Werewolf By Night: The Dark History of the Bloodstones

Werewolf By Night trailer horror

review

The concept of “Werewolf by Night” by Marvel and Disney+ is brilliant, but the execution falls short. It ought to succeed on paper. This standalone 53-minute adventure/thriller, which falls between a TV show and a movie, is similar to a one-shot comic book and should allow for greater creative expression than anything

stretched out to meet numerous episodes or crammed into a bloated feature. It’s an homage to Universal horror icons, or at least it should be, directed by Michael

Giacchino, a renowned composer made his feature film debut after directing two short films. It won’t overstay its welcome and has a fantastic cast and interesting subject. So what took place? While “Werewolf by Night” is generally a mildly

pleasant distraction, one can’t help but feel that it could have been more with a more ambitious crew at work.

Ulysses Bloodstone, a notorious monster killer, has passed away. His wife Veruca (Harriet Sansom Harris) arrives on a stormy, black-and-white night with some of the most notorious hunters in the world to essentially take his reign. The majority of the hunters lack definition or personality, which is a concern, but the enigmatic Jack (Gael Garca Bernal) obviously conceals a secret, and Elsa Bloodstone (Laura Donnelly) arrives at the events of the night with some significant baggage. Ulysses’ estranged daughter claims that the hunters would participate in a legendary hunt this evening, but she never really liked Veruca and doesn’t see the point of her antics.  Oh, and did I mention that Jack is the title character, a monster himself? Or that he has a buddy that comic fans will recognize, nicknamed Ted and better known as Man-Thing?

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It seems excessive for a “Marvel Special Presentation,” don’t you think? It ought to be. Why does “Werewolf by Night” appear so unimpressive then? Why is it simultaneously too long and too short? It has a script that falls somewhere in between a short film and a feature, being too thick for the latter and too crowded for the former. A couple more plot twists or endearing characters were required for this project in order to give it more substance. And it doesn’t even have quite the Universal Monster Movie style that one hopes for given its premise. Sure, there are some fun B&W visuals, and, of course, the score is arguably the MVP, but I wanted the chains to get taken off this streaming monster in a way that’s overly stylish. Don’t just dip your toe in a legendary style, jump right in with both feet.

What therefore prevents “Werewolf” from being a failure? One of those endeavors that are never outright good or poor. By the end of the weekend it is released, it is just kind of there and forgotten. Fair enough, it helps that Bernal, who is consistently admirable,
seems to be having a great time, and Donnelly discovers a wonderful register of bitter heroism. They’ll be fascinating to watch in upcoming productions—again, the Disney+

endeavor sounds mostly like a vehicle to inject fresh faces into upcoming MCU offerings. And maybe that will give this project more weight in hindsight when we’ve seen the future adventures of Elsa and Jack. For now, it’s a perfectly pleasant diversion that never transforms into its full potential.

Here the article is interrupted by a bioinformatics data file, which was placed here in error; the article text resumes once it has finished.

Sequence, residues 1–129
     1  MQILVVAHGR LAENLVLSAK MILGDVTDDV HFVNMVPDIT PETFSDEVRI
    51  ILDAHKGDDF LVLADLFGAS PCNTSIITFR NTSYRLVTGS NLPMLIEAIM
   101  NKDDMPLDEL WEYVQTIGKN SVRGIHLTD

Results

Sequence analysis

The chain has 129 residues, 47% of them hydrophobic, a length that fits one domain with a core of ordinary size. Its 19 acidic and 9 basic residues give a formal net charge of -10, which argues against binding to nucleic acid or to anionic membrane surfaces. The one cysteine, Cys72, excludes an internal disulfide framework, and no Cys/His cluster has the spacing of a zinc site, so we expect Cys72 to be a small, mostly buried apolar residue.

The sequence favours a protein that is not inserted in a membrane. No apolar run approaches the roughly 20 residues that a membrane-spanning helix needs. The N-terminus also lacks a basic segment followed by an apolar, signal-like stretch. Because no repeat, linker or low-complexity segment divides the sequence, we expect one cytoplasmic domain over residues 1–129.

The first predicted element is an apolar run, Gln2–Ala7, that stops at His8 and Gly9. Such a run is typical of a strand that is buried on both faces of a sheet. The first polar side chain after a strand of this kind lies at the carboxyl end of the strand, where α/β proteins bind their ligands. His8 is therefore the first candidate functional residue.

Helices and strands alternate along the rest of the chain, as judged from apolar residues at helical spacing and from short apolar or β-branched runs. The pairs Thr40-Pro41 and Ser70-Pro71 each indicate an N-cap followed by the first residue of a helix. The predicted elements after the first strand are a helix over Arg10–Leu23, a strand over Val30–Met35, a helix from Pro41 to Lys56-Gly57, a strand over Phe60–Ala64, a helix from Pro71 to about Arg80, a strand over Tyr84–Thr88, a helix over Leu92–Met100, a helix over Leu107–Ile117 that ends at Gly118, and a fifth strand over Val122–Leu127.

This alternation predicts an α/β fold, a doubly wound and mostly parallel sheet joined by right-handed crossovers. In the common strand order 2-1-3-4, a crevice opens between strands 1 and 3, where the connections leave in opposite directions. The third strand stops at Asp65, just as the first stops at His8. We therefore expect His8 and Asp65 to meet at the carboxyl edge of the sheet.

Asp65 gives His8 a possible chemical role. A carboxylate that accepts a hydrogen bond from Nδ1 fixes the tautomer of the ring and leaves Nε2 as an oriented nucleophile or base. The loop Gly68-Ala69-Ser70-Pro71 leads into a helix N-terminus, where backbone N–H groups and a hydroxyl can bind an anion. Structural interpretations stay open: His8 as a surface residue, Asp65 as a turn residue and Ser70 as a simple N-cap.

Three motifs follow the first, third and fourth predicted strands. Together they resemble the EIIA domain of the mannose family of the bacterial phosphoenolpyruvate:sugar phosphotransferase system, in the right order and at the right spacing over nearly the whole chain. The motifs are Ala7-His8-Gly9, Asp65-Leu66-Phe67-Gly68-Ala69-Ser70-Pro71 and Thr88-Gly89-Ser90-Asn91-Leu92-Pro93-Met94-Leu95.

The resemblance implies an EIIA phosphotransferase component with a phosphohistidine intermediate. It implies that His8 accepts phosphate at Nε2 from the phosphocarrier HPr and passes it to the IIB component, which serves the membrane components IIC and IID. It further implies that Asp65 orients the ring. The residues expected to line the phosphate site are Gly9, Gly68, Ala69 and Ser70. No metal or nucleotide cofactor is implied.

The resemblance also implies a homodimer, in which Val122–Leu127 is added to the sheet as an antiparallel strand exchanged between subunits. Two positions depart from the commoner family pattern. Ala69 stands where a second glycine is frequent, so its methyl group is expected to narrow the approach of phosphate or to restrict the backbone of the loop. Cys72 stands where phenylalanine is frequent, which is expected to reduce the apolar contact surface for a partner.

On Disney+ today.

Bound by the Bloodgem

The Bloodgem, a piece of an interdimensional meteor that long ago fell onto the Earth,

serves as the starting point for the tale of the Bloodstone family. Sincerity is damned,

the Bloodgem’s entire backstory is a LOT of gonzo legend from the heyday of Marvel Comics in the 1970s when both literary pretensions and illegal narcotics were freely flowing through the bullpen. In Rampaging Hulk #4 from 1977, you may read about the Bloodgem and its connections to the Hellfire Helix and the cosmic villain Ulluxy’l Kwan Tae Syn. But the simplest way to explain Bloodgem’s past is to say that Elder Gods from the world of Lovecraft fired a meteor at Earth.

The actions of the Bloodgem are more significant. This, while substantial, doesn’t call for as many words. Ulysses Bloodstone receives tremendous strength and durability, as well as close to immortality and a healing factor

when he wears the Bloodgem. Elsa can fire energy blasts thanks to the Bloodgem choker she’s wearing, while Cullen can use ESP thanks to the Bloodgem ring he’s wearing. Although it is less frequently stated, some tales claim that the Bloodgem

corrupts the wearer (which does indeed apply to Ulysses, as you’ll see). In other words, the Bloodgem can be useful if you need to fight a monster.

What Elsa Bloodstone Means for the MCU

Elsa has retrieved the Bloodgem (referred to as the Bloodstone, following the Infinity Stone tradition of referring to gems as “stones”) in the closing scenes of Werewolf by Night and appears to have ended her father’s legacy. However, there are still a lot of creatures in the MCU that Elsa Bloodstone would be interested in. Elsa, on the other hand, sets herself apart from her father’s band of monster hunters, who think that “monsters should just be killed, much like treading on an ant,” as director of Werewolf by Night Michael Giacchino told Den of Geek. They don’t want to relate to or comprehend them.

Elsa will undoubtedly feel compassion for any creatures she encounters when she returns to the MCU, whether she is scouring mystical locations like Kamar-Taj and Ta Lo for curiosities or taking on the role of an unlikely superhero on a ragtag squad. After all, Elsa Bloodstone has learned who the true monsters are from living with Ulysses.

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